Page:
O-1 Status is a non-immigrant status category for aliens of extraordinary ability in the sciences, arts (including the television and motion picture industry), education, business, or athletics.
This is an employment related status that allows qualified aliens to live and work in the United States. O-1 petitions may only be filed by a U.S. employer, a U.S. agent, or a foreign employer through a U.S. agent on behalf of the beneficiary. The O-1 visa is a dual intent visa, meaning that the beneficiary may simultaneously seek permanent resident status while in the U.S. on O-1 without worrying about preconceived intent issues.
There are several different types of visas in the O category:
O-1A- Individuals with an extraordinary ability in the sciences, education, business, or athletics.
O-1B- Individuals with an extraordinary ability in the arts or the extraordinary achievement in the motion picture or television industry.
O-2- Individuals who will accompany an O-1 individual to assist in a specific event or performance.
O-3- Individuals who are the spouse or children of O-1s and O-2s.
The initial period of stay for O status is up to 3 years. An approved O petition will have a validity period commencing with the date of approval and ending with the date requested by the petitioner. This date is not to exceed the date which USCIS has determined to be necessary to complete the work-related event or activity the alien is in the United States to do. Again, this time period will not exceed 3 years and may certainly be less than that. Any requests for extensions of stay will be considered by USCIS and, once they have determined the time necessary to accomplish the initial event or activity, will be granted in increments of up to 1 year.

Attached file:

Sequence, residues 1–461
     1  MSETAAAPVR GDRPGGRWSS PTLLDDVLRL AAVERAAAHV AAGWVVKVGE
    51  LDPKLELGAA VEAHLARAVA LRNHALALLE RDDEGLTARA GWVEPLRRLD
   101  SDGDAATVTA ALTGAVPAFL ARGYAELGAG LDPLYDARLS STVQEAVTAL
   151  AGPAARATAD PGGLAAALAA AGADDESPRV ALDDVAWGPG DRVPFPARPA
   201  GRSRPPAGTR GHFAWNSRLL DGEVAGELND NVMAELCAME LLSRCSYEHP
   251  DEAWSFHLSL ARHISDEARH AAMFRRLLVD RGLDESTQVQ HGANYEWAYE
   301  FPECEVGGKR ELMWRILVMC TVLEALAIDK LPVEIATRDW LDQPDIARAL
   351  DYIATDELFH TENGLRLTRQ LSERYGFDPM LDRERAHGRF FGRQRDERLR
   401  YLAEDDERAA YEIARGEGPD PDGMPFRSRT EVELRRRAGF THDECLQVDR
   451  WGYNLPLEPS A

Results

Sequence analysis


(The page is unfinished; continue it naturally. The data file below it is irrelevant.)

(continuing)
Under what circumstances may an O-1 Visa be sought?
As discussed above, O status can be sought by an employer in the US for an alien when a work related event or group of activities require he or she to travel to the United States on a temporary basis. The Code of Federal Regulations defines a qualifying event as “an activity such as, but not limited to, a scientific project, conference, convention, lecture, series, tour, exhibit, business project, academic year, or engagement.”
In addition, a job which may not have a specific engagement or project that exactly fits the above definition may also count, if the job is the “activity” within the alien’s area of extraordinary ability. Activities such as these may include short vacations, promotional appearances, and stopovers which are incidental and/or related to the event.
Benefits of an O Visa
O-1 status is distinguished from other employment related statuses in that it applies to more types of work than other visa categories, such as H or L. For example, H-1B status is limited to professionals and cannot apply to athletes or entertainers as can O-1 status. In addition, in our experience, many seeking non-immigrant status after the H-1B quota for that fiscal year has already been reached will apply for O-1 status, if they qualify. One of the benefits of the O visa is that it does not have an annual quota. For more information on the H-1B visa program, please click here.
Another important benefit of O-1 status is that it is a viable status to seek for aliens subject to the two-year foreign residency requirement of the J-1 exchange visitor program. Many peoplewho hold or have held J-1 or J-2 status are not permitted to obtain an H or L visa status until they and/or the primary J-1 status holder has spent two years in their home country after the expiration of the J-1 status or a waiver of the two-year residency requirement is obtained. These individuals may obtain O status without fulfilling the two-year residency requirement or getting a waiver of the requirement. In such cases however, the alien may not change status to O-1 in the United States, but must obtain an O-1 visa either in the home country after their O-1 application is approved by the USCIS. For more information on the J-1 exchange visitor program, please click here.